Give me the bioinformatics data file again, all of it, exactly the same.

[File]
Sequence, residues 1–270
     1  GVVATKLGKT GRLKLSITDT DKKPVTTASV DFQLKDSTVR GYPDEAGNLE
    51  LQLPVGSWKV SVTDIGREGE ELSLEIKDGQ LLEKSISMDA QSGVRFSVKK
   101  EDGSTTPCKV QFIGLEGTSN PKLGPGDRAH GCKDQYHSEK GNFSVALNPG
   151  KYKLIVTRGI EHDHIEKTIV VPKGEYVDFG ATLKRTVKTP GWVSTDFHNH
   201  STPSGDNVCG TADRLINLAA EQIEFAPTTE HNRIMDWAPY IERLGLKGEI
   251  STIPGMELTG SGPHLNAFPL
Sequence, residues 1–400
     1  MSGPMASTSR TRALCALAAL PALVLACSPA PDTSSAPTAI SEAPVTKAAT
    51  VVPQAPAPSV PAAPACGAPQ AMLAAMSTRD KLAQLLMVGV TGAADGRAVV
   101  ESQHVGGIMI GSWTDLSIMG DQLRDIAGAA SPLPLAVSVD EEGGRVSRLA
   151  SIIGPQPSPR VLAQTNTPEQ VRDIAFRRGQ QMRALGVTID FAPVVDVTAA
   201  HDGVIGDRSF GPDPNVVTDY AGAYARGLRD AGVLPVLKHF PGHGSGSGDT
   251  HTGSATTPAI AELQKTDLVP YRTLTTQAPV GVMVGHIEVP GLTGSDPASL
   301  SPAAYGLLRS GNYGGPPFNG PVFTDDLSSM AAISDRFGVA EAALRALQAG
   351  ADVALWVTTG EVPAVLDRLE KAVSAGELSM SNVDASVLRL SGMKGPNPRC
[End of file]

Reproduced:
Sequence, residues 1–270
     1  GVVATKLGKT GRLKLSITDT DKKPVTTASV DFQLKDSTVR GYPDEAGNLE
    51  LQLPVGSWKV SVTDIGREGE ELSLEIKDGQ LLEKSISMDA QSGVRFSVKK
   101  EDGSTTPCKV QFIGLEGTSN PKLGPGDRAH GCKDQYHSEK GNFSVALNPG
   151  KYKLIVTRGI EHDHIEKTIV VPKGEYVDFG ATLKRTVKTP GWVSTDFHNH
   201  STPSGDNVCG TADRLINLAA EQIEFAPTTE HNRIMDWAPY IERLGLKGEI
   251  STIPGMELTG SGPHLNAFPL
Sequence, residues 1–400
     1  MSGPMASTSR TRALCALAAL PALVLACSPA PDTSSAPTAI SEAPVTKAAT
    51  VVPQAPAPSV PAAPACGAPQ AMLAAMSTRD KLAQLLMVGV TGAADGRAVV
   101  ESQHVGGIMI GSWTDLSIMG DQLRDIAGAA SPLPLAVSVD EEGGRVSRLA
   151  SIIGPQPSPR VLAQTNTPEQ VRDIAFRRGQ QMRALGVTID FAPVVDVTAA
   201  HDGVIGDRSF GPDPNVVTDY AGAYARGLRD AGVLPVLKHF PGHGSGSGDT
   251  HTGSATTPAI AELQKTDLVP YRTLTTQAPV GVMVGHIEVP GLTGSDPASL
   301  SPAAYGLLRS GNYGGPPFNG PVFTDDLSSM AAISDRFGVA EAALRALQAG
   351  ADVALWVTTG EVPAVLDRLE KAVSAGELSM SNVDASVLRL SGMKGPNPRC